Fuel the Olympic Fire: How does PV Sindhu train and what is the star shuttler's diet?
PV Sindhu is without doubt one of India's greatest badminton players. She is, in fact, the only Indian to win a World Championship gold.
Having won the Olympic silver medal at Rio 2016, Sindhu will be hoping to do one better in Tokyo. Placed at No. 7 in the Race to Tokyo rankings, Sindhu is the only woman from India currently entitled to a direct entry into the Tokyo Olympics.
She started 2021 with a quarterfinal finish in the Toyota Thailand Open, followed by an impressive outing in the Swiss Open where she finished runner-up after losing to Carolina Marin in the final. After reaching the final in Basel, expectations were high from the athlete at the All England Open. But she lost in the semi-finals to Pornpaweee Chochuwong.
She is supposed to return to court at the Malaysian Open scheduled later this month but since the country has imposed a travel ban on India, there's a question mark over the participation of Indian shuttlers.
Let us take a look at how she keeps herself fit by going through her diet and training routine.
Balance between carbs and proteins
Sindhu rarely deviates from her diet plan that is prepared a month in advance. She tries to find the right balance between carbs and proteins so that she can keep her energy and endurance at an optimum level. In fact, the quantity of food is measured and monitored.
And Sindhu takes a blood test every two months to monitor her vitals so that her diet can be tweaked accordingly.
Ideally, the breakfast is loaded with proteins including milk and eggs. Fruits are also something that she likes to have in the morning. During training, she usually has a snack in between sessions which is generally dry fruits and an energy drink to keep her fresh.
“For lunch and dinner, I eat meat with vegetables and rice. Also, I never leave for my workout without a snack in my kitbag - this is usually a small bowl of fruits, a few dried nuts and a bottle of Gatorade (energy drink). All of them help me keep up my energy and provide me with endurance. Matchday typically involves exercises that help me warm up and nothing too tiring. My diet for match day is calculated based on the match timing," she stated to Vogue.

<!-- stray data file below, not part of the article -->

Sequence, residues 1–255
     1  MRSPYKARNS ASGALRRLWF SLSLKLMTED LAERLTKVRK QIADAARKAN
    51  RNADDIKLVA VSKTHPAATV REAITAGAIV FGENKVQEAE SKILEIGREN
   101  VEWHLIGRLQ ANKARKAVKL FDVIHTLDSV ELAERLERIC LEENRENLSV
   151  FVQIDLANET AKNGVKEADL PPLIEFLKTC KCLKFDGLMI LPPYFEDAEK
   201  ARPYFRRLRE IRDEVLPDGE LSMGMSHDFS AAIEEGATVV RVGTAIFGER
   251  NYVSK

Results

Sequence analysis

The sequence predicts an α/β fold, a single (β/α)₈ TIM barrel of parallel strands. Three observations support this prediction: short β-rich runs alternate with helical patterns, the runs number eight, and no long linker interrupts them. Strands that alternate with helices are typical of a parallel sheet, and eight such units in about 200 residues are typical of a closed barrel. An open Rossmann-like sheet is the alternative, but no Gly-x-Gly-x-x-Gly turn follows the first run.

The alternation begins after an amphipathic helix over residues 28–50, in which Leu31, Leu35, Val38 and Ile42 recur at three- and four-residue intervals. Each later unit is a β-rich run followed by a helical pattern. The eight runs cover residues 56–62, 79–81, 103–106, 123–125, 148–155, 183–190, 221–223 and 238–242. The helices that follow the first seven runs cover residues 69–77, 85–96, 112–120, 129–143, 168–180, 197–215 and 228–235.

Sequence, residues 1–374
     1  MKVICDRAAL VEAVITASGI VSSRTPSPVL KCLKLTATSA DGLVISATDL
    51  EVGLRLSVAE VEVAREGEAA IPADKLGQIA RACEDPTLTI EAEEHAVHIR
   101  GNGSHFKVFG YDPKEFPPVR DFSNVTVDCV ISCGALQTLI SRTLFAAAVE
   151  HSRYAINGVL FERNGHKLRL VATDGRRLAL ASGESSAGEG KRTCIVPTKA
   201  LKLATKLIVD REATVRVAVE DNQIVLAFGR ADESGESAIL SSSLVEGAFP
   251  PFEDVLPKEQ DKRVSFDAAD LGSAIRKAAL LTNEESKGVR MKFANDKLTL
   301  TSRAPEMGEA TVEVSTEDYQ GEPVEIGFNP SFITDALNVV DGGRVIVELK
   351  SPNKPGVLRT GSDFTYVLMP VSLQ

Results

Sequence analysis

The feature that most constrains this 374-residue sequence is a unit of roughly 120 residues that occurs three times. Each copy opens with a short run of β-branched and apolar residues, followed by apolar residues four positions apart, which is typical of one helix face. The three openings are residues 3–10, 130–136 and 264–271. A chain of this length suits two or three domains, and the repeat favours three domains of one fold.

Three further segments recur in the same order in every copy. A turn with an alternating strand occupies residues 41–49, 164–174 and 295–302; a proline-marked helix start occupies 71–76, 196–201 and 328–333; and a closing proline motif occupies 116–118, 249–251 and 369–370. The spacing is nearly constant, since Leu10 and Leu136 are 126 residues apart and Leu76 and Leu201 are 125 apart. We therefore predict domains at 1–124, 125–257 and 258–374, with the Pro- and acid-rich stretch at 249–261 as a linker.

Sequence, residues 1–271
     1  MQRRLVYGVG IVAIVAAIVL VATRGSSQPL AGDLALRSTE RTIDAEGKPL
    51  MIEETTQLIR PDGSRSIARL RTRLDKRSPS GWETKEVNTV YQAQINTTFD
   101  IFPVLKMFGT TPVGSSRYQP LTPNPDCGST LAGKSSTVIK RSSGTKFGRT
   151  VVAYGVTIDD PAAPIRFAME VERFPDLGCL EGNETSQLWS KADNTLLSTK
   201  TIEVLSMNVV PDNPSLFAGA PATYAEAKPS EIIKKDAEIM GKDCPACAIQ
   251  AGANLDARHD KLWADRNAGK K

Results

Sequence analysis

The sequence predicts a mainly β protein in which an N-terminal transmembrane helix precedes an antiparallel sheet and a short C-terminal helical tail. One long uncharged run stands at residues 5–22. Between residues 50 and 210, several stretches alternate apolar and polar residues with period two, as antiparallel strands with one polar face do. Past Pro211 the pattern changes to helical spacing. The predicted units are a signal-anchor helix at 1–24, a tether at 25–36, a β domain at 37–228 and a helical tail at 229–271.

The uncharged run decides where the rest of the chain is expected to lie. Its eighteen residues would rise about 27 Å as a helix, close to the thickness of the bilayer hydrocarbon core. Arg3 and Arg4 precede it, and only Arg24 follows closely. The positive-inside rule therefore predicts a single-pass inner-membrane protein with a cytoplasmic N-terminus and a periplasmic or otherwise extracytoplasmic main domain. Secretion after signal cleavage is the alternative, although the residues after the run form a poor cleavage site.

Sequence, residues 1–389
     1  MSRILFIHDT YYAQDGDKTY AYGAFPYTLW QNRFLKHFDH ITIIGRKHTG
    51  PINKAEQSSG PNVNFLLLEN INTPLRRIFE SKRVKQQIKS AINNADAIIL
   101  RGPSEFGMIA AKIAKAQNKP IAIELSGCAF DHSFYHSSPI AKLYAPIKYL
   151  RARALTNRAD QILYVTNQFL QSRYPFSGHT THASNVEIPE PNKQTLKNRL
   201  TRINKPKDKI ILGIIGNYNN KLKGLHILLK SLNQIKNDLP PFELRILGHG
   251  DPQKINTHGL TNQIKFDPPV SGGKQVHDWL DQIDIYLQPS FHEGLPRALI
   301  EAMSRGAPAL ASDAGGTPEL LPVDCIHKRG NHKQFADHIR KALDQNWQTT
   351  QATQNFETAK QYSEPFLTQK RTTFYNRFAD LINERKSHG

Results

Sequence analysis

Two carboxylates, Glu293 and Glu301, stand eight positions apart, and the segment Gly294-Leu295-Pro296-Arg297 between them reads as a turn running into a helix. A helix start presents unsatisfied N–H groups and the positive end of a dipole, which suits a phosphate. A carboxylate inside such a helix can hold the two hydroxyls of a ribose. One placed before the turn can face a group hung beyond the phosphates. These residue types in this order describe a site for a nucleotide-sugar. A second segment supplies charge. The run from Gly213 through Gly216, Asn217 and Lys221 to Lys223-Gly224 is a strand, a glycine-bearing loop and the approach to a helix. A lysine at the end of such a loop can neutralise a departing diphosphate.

Lunch and dinner usually consist of vegetables and grilled chicken. She completely avoids junk food and sweets, which means ice cream and chocolates are strictly off the table!
Insane fitness & training regime
Sindhu's workout sessions are also planned a month in advance focusing on her back, abdomen, shoulders and knees.
She starts with stretching and ends the pre-workout with a run which helps her gear up for intensive sessions. Cardio is her most favoured form of workout. Sindhu tries to do high-endurance workouts that pushes her limits. Apart from this, she does 200 sit-ups and 100 push-ups regularly besides yoga and swimming.
Sindhu also focuses on cooling down after a strenuous session as it stabilises the heart rate and clears the accumulation of lactic acid in the muscles.
She also advised,"Don’t skimp on stretching before you work out because you will have to pay for it later. Keep yourself hydrated while exercising.”
Though she uses her height to kill those overhead smashes, it also gives her the wingspan to put lot of shuttles back into play. Sindhu's work rate on the court is one of her biggest strengths.
Her training session starts at seven in the morning and goes on for five hours till 12 noon. Then she heads home for lunch and rest. But at four she will be back in the academy for endurance training before finishing her day at 7 pm. After having dinner within an hour, she is off to bed by 9 pm.
After getting back from a tournament, she usually has a cheat meal. If that doesn't happen, then she takes a day off once a month from her prescribed diet. Hailing from Hyderabad she is an avid biriyani lover and during that cheat meal biriyani is a must.
“Hyderabadi biryani is one dish that is always on my list of cheat meals.”